66 S. Cal. L. Rev. 1365 (1992-1993)
Race, Riots, and Guns

handle is hein.journals/scal66 and id is 1381 raw text is: RACE, RIOTS, AND GUNS
CARL T. BoGus*
I. INTRODUCTION
On May 14, 1992, the New York Times ran a disturbing lead article.
In the aftermath of the Los Angeles riots, it reported, Californians
are buying firearms at the highest rate since the state began keeping
records 20 years ago, and other states are reporting similar surges in gun
sales.1 The article continued:
In large part, the rush to buy guns in California can be attributed to
one of the more frightening messages to come out of the two days of
arson, looting and violence in South-Central Los Angeles. That
message, that fear, is that the police might not be able to defend people
during an outbreak of civil unrest.2
The National Rifle Association (N.R.A.) wasted no time capitaliz-
ing on this sentiment. It ran national advertisements that painted a pic-
ture of law-abiding citizens, made vulnerable by gun control laws,
cowering helplessly before armed mobs.3 The mainstream media
* Copyright  1993 by Carl T. Bogus. All rights reserved.
Visiting Professor, Rutgers University School of Law (Camden). A.B. 1970, J.D. 1972, Syra-
cuse University.
1. Timothy Egan, After the Riot Los Angeles Riots Spurring Big Rise in Sales of Guns, N.Y.
TiMEs, May 14, 1992, at Al.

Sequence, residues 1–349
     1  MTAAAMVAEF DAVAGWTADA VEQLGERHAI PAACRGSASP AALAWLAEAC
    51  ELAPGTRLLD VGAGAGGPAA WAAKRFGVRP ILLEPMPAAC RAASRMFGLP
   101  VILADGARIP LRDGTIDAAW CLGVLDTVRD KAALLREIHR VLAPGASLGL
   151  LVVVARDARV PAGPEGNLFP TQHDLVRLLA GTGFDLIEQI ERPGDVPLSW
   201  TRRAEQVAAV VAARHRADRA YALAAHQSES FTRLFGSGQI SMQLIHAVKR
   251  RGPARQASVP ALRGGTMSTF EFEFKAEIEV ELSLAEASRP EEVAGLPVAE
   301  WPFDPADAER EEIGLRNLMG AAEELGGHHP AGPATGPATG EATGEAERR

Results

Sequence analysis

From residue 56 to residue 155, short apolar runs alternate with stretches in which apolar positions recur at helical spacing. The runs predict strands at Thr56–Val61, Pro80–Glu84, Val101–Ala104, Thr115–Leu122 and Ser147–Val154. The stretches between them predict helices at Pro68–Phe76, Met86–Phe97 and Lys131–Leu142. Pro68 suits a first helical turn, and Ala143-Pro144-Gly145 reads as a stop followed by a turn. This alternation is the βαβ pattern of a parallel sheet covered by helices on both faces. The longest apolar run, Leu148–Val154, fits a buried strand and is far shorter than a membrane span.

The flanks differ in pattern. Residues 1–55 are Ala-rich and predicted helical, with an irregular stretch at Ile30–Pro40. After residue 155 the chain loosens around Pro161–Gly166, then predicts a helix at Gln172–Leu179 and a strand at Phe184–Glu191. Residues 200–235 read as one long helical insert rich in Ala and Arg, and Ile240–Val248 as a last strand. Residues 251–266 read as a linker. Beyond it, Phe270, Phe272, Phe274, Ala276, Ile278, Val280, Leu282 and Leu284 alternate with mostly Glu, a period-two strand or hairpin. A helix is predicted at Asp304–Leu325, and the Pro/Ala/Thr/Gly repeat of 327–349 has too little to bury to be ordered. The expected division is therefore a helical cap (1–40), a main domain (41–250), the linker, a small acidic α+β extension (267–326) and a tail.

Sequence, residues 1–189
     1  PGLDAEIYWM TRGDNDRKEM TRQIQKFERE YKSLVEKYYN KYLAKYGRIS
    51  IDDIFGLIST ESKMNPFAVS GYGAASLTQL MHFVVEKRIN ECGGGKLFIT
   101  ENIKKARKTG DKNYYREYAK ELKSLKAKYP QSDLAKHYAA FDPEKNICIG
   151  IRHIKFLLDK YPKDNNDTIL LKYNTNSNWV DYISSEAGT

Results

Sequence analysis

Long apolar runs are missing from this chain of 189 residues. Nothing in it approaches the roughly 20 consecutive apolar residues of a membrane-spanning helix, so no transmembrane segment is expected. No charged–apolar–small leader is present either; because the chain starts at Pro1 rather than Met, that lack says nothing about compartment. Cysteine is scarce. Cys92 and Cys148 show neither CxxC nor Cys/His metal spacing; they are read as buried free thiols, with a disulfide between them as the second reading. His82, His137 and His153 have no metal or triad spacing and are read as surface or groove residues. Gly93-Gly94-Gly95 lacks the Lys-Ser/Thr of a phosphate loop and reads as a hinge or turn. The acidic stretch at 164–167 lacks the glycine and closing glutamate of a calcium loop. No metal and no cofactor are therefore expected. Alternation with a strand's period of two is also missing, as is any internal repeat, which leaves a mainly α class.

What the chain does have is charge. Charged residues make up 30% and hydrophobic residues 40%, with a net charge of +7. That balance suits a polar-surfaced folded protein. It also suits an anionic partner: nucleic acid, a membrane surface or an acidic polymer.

2. Id
3. As violent mobs advanced, read the copy of the ad, amidst photographs of fires, looting,
a surging black crowd, and people lying on the street with their hands tied behind their backs:
police were ordered to retreat. Terrified and abandoned, L.A. citizens raced to gun stores
to buy firearms to protect themselves. But their government had abandoned them years
ago. Those who didn't own a firearm were denied by California's 15-day waiting period.
... The criminals were denied nothing, waited for nothing, filled out forms for noth-
ing. They killed who they wanted, stole what they wanted, vandalized what wasn't stolen,
and burned to the ground what was left.
... Must your flesh and blood be maimed? ... Must your once-proud nation surren-
der to more gun control experimentation while its citizens tremble behind deadbolts and
barred windows?
AM. RIFLEMAN, Sept. 1992 (unpaginated insert); see also infra note 6.
In a similar vein was a column by the N.R.A.'s executive vice president who recounted his
version of what he saw on television during the riots: I saw men on rooftops with privately owned
firearms, defending their homes and businesses and families. And I watched the mob pass them by
in search of easier prey. Wayne LaPierre, Standing Guard, AM. RIFLEMAN, June 1992, at 7.

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